Metal Stamping Guide

Design for Metal 3D printing

Topology optimization, lattice structures, design rules for metal 3D printing and more.

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Metal Stamping Guide

Design for Metal 3D printing

Designing for metal 3D printing requires a new mindset and comes with a unique set of design rules and best practices.

In this section, we introduce you to the basic principles and tools that will help you get the most out of your designs, such as topology optimization.

Design for Metal 3D printing

Key design considerations

A Metal Extrusion 3D printer in action
A Metal Extrusion 3D printer in action

Designing for an additive process follows a different set of rules than designing for “traditional” manufacturing. The unique design freedom, as well as the unique set of limitation, demand a shift in the mindset of the designer.

Here is a list of key ideas you should keep in mind while designing for metal 3D printing:

Key design consideration

Due to its high cost, it is rarely economically feasible to manufacture parts that have been designed for a traditional process using metal 3D printing.

Actually, it is often technically impossible to reproduce these geometries. For example, section thicker than 10 mm are prone to warping or other manufacturing defects and should be avoided.

Design complexity is often considered harmful, as it is connected to an increased cost. In metal 3D printing, this is not the case. On the contrary, finding a way to maximize the added value that geometric complexity brings to a system is key to take full advantage of the benefits of metal 3D printing.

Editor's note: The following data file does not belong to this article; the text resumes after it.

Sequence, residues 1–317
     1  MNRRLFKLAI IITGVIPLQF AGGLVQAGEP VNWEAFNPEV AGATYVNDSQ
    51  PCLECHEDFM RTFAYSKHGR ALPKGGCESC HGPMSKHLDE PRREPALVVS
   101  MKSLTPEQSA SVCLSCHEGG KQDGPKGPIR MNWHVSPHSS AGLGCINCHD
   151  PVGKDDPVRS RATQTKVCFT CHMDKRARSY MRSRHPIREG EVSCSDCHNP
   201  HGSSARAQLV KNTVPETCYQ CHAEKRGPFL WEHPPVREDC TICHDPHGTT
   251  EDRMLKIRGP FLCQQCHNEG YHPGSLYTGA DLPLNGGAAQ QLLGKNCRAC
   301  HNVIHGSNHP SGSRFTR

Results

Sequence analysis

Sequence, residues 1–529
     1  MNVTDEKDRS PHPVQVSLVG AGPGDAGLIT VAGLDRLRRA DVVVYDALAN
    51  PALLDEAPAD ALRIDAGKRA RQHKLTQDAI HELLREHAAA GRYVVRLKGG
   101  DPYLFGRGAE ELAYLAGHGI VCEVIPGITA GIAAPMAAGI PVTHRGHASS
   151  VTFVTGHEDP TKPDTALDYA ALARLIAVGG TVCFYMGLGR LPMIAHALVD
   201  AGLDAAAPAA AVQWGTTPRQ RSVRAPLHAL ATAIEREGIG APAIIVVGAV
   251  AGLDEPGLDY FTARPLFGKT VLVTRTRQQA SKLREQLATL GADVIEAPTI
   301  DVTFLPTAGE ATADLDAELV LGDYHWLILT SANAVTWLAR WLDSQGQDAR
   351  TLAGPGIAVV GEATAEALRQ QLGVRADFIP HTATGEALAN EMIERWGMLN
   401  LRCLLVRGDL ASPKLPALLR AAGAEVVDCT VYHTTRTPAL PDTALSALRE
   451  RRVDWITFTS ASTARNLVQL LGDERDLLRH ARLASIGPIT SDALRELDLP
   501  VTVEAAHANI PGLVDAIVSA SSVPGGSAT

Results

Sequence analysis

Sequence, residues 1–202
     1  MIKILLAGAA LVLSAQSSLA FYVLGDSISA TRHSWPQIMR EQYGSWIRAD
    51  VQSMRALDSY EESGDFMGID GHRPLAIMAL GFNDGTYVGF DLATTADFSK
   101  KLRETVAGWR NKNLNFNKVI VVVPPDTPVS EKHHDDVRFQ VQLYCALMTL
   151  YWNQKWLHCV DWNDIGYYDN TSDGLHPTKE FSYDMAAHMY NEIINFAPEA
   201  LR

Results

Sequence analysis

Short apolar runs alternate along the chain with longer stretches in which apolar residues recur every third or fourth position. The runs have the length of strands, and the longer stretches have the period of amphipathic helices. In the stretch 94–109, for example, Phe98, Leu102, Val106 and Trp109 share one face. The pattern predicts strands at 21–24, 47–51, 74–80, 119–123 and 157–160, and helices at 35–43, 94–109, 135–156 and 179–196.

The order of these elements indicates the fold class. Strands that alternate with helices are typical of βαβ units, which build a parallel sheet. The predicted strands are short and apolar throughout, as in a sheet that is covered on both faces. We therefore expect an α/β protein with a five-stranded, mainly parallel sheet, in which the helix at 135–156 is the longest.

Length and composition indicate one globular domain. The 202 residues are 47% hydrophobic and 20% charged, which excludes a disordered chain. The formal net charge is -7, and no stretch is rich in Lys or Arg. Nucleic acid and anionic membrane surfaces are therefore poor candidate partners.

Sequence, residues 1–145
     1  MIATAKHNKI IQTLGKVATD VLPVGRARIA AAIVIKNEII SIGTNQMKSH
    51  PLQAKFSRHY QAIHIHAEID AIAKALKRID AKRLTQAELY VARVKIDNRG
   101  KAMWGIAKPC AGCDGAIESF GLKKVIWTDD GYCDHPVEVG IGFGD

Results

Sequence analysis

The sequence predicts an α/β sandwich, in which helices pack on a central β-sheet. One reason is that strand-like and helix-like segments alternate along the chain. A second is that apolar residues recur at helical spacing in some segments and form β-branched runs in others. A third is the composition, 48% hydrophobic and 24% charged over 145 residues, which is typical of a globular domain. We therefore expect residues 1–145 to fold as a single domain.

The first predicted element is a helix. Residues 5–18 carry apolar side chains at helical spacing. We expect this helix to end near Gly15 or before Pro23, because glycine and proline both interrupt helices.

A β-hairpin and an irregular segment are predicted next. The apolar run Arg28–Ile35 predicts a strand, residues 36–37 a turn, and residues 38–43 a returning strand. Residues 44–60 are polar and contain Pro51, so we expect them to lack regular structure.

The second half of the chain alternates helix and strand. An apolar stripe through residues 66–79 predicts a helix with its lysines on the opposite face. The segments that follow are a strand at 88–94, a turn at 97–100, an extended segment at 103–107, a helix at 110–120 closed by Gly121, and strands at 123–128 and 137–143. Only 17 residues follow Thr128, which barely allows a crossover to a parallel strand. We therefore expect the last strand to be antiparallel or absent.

When you begin to redesign a part or assembly for metal 3D printing, it is usually a good idea to start with a blank canvas. This way you can avoid being restricted by preconceived designs.

Clearly defining the design requirements (loads, boundary condition, part weight etc.) is key here. We will see in the next section that modern CAD software use these as input to create optimized structures with organic forms.

It is a good practice to have a clear vision of how the part will be orientated in the machine. Print orientation is important as it defines the position and need of support structures.

The aim of the designer should be to create parts with self-supporting features, minimizing the need for support and ensuring build success.

Independent of the process, post-processing is always required in metal 3D printing. This can be obligatory (such as support removal in DMLS/SLM or sintering in Binder Jetting and Metal extrusion) or optional (such as CNC machining step to achieve tighter tolerances or a heat treatment to improve material properties).

So it is essential to keep the post-processing requirements and available option in your mind while designing a part for metal 3D printing.

Design optimization tools & software

Modern CAD packages offer tools to help you take full advantage of the geometric freedom of metal 3D printing. Using these algorithm-driven design tools, you can create organic-like structures that outperform parts that were designed using traditional methods.

There are three main strategies that can be used today. These strategies can either optimize the performance of an existing design or help in the creation of structures from scratch based on a set of design requirements.

Design Metal 3D printing for Lattice structures

Lattice structures

Applying a lattice pattern is a great way to optimize an existing design.

Lattice structures can create lightweight parts, maximize the surface area of heat exchangers, or improve the printability and reduce the manufacturing cost of an existing design.